I don’t think you should worry about weight any more than you worry about unruly guests or sticky kids. Anybody could end up giving you a headache regardless of where they tip the scales.
Having suffered among other things an irreparable sofa, several sunloungers wrecked & dining chairs fit for the skip, I speak through gritted teeth, but realistically what can you do? Damage is damage whether by the weighty or the weightless (I’m not exactly Tinkerbell myself!) & should be charged for accordingly. Which as we all know is a whole other ball game Rolling Eyes
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casasantoestevo



Joined: 06 Nov 2006
Posts: 3815
Location: O Saviñao, Galicia

PostPosted: Tue Dec 05, 2017 8:51 pm    Post subject: Reply with quote

Quote:
he must have weighed in excess of 25 stone and looked grotesque.

What are you saying? he was grotesque because of his weight? Or he was large and looked ugly?
I have seen skinny persons who are ugly. But I have never confused their weight with unattractiveness.
As for wight problems, my experience that they usually know what limits their body has on furniture. Leave it it down to the person.
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Drax



Joined: 21 Jul 2016
Posts: 28
Location: Yorkshire Dales

PostPosted: Wed Dec 06, 2017 6:15 pm    Post subject: Reply with quote

casasantoestevo wrote:
Quote:
he must have weighed in excess of 25 stone and looked grotesque.

What are you saying? he was grotesque because of his weight? Or he was large and looked ugly?
I have seen skinny persons who are ugly. But I have never confused their weight with unattractiveness.
As for wight problems, my experience that they usually know what limits their body has on furniture. Leave it it down to the person.


I may have 'touched an unintended nerve' but my description of this unfortunate man was that he was so unusually obese that he indeed looked grotesque. (I must add I am 'no oil painting')
We have only been in the holiday home rental business for just 2 years having just one holiday cottage.
Of all the guests we have had we have never encountered anyone so overweight as this man. His size was such that he would not be able to fit into our shower and I guess our furniture would be at risk from his weight.
As all of you have stated none of us know how our guests will treat our holiday homes and we will have to deal with issues as they arise.
Thank you for your comments.
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AngloDutch



Joined: 11 Jul 2014
Posts: 616
Location: Netherlands

PostPosted: Thu Dec 07, 2017 8:14 am    Post subject: Reply with quote

We renewed all our boxspring beds this year, as two of the older beds had blocks of wood underneath them, having lost their legs to being overstressed by guests several years ago. Instead of an approx. 20 cm straight wooden leg, the new beds have much smaller legs (actually low blocks of wood covering a wider area). Many beds are not designed for weight on them to exceed 80-100kg, so it is important to really make sure that you do your research before you buy, or go for 'hotel quality' beds.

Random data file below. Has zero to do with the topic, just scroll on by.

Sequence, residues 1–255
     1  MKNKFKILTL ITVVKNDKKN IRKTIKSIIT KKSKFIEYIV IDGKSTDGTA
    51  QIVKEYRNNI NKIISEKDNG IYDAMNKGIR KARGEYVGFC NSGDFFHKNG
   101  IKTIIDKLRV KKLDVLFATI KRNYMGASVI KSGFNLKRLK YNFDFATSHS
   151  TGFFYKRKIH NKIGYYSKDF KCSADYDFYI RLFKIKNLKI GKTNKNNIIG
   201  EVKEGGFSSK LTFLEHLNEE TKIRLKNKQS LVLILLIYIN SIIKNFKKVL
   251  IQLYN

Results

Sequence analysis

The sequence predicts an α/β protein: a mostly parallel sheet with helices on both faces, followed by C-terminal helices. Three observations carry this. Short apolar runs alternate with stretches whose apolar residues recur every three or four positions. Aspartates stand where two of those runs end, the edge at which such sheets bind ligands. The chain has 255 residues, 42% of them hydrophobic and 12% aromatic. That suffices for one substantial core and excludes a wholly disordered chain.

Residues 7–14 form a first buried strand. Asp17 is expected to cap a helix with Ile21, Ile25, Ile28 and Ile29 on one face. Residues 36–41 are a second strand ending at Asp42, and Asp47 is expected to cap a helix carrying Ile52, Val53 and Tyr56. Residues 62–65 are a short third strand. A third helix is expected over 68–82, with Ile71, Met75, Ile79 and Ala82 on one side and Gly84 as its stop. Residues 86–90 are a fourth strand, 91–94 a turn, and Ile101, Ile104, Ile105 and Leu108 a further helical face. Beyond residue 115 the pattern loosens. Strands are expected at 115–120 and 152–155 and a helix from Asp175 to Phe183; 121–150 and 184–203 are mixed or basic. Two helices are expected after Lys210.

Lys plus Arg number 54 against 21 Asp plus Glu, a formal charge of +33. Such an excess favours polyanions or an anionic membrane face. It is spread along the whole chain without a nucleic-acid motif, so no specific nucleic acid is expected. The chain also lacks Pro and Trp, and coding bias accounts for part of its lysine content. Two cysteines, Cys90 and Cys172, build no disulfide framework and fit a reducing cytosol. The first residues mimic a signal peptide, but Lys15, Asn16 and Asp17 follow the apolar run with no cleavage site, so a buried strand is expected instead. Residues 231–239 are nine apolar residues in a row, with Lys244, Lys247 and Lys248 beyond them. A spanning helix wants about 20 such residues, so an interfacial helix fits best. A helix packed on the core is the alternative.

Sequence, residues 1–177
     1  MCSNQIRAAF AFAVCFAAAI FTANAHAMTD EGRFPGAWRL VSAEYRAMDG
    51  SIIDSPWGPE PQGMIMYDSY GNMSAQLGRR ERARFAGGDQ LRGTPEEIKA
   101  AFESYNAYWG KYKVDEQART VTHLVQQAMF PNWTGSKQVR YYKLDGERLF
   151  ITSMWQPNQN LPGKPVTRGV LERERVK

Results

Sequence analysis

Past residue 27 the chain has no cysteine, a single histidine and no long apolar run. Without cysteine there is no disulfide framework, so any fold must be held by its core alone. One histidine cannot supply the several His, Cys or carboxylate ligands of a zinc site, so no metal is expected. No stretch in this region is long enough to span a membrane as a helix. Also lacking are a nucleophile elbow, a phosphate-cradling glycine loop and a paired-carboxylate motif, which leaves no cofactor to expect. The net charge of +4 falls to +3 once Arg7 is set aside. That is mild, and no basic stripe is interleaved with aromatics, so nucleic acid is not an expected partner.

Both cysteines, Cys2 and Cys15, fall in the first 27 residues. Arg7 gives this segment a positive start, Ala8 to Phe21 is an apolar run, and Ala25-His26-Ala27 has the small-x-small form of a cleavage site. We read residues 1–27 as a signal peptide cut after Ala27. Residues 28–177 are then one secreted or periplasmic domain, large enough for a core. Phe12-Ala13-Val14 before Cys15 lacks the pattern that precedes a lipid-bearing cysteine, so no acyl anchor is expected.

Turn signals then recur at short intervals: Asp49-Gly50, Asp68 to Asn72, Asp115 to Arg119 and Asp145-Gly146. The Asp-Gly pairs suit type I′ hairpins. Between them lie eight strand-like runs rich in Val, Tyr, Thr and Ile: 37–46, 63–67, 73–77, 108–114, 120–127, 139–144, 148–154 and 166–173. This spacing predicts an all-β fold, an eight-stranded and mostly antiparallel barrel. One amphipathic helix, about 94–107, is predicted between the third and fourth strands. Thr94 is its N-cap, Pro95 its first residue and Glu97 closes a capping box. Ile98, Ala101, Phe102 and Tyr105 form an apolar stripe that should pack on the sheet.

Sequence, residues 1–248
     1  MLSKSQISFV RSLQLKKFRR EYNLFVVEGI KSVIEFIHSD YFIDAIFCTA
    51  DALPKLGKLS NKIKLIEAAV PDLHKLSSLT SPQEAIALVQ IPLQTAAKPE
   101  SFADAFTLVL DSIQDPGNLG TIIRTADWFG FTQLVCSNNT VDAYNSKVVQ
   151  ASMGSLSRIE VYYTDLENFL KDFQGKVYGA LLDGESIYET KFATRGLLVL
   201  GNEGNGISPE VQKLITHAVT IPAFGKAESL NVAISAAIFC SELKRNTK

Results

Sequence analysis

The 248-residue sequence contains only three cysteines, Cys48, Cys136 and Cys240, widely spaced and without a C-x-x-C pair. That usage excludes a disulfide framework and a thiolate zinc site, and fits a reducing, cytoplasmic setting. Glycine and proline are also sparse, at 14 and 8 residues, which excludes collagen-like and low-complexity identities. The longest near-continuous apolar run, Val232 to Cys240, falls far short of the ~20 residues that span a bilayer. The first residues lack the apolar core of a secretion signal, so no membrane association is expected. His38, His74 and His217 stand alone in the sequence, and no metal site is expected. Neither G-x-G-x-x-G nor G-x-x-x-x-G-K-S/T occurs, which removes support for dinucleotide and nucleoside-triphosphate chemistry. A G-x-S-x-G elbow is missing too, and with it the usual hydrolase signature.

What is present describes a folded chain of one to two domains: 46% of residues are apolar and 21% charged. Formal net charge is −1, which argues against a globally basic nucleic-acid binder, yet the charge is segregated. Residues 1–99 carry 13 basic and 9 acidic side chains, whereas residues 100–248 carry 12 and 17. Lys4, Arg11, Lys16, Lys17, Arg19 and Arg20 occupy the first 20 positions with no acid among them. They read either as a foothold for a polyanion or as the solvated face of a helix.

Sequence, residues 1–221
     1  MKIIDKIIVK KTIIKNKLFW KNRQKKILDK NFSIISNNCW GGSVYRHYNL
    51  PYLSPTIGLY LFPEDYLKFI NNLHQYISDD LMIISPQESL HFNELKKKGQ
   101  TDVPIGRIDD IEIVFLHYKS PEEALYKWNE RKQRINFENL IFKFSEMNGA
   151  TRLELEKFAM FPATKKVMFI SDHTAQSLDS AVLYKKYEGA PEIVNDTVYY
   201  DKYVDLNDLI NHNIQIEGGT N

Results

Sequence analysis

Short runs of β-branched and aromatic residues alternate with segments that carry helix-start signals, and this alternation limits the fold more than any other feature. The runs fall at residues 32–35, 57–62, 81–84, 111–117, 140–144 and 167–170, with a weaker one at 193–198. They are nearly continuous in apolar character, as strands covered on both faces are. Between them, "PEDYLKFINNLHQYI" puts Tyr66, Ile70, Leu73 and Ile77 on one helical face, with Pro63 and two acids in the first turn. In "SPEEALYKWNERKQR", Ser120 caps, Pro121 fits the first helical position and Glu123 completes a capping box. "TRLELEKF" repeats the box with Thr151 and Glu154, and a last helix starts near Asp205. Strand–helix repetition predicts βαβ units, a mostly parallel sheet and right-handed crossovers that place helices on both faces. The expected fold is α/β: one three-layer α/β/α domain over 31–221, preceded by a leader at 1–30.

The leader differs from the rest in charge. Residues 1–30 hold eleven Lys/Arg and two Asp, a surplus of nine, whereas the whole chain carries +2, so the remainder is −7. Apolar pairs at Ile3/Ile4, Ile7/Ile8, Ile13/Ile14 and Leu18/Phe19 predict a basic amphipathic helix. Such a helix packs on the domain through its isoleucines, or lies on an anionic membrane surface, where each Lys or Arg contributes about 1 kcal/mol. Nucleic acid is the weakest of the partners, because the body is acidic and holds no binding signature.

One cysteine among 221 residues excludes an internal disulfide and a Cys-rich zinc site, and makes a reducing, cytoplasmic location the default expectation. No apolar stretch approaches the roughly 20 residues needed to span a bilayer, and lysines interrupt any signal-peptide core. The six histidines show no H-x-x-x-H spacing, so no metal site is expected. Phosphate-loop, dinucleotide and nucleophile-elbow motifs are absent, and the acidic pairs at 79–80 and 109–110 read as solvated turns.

If we could have got all this right when we first started out, it would have saved us thousands of €, especially as we also made the mistake of having carpets in the living room, bedrooms, hall and landings. They were worn out and filthy dirty within 2 years, with the final ones being taken out of the bedrooms a few years later. Shocked
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casasantoestevo



Joined: 06 Nov 2006
Posts: 3815
Location: O Saviñao, Galicia

PostPosted: Thu Dec 07, 2017 8:52 am    Post subject: Reply with quote

Quote:
I may have 'touched an unintended nerve' but my description of this unfortunate man was that he was so unusually obese that he indeed looked grotesque. (I must add I am 'no oil painting')



I would suggest that begin hugely overweight is not a reason to mix someone up as ugly.
Never judge a book by its cover, it is what is inside that really counts.
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GillianF



Joined: 20 Aug 2012
Posts: 648
Location: Dordogne

PostPosted: Thu Dec 07, 2017 9:12 am    Post subject: Reply with quote

When we've bought beds here in France the slats are available separately as a board. We've never bought them and OH has always fitted sturdy 'scaffold' type boards cut and fitted to measure himself. These are a lot stronger than the commercial 'plastic' ones sold for the beds which would probably not stand up to much.

But, don't forget it isn't just overweight people it is people with bad knees who don't sit in a chair but start to sit and then, when their knees give out, they fall the rest of the way. (My parents-in-law were 'guilty' of this.) There are also the children who use chairs, settees and beds as trampolines.

Most modern furniture made for a throw away culture is not built to stand this type of treatment.
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NeatandPicky



Joined: 30 Aug 2007
Posts: 353
Location: Pissouri Bay, Cyprus

PostPosted: Thu Dec 07, 2017 10:19 am    Post subject: Reply with quote

Knowing from the outset that we would be renting our property, we tried to select robust furniture. Saying that we have had some issues, for example:

Split rubber tyres on TV unit
Broken bed slats
Sheared bolts on garden dining chairs

Heavy guests? Abuse? Who knows. Not deliberate I'm sure.

Necessitating a quick remedy, each incident has proved costly and stressful. The valuable lesson has been to choose more wisely next time. Always much easier in hindsight!
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COYS



Joined: 06 Jun 2015
Posts: 658
Location: Greek Islands

PostPosted: Thu Dec 07, 2017 1:54 pm    Post subject: Reply with quote

NeatandPicky wrote:
Split rubber tyres on TV unit


Tyres? That must be a hell of a TV unit N&P Smile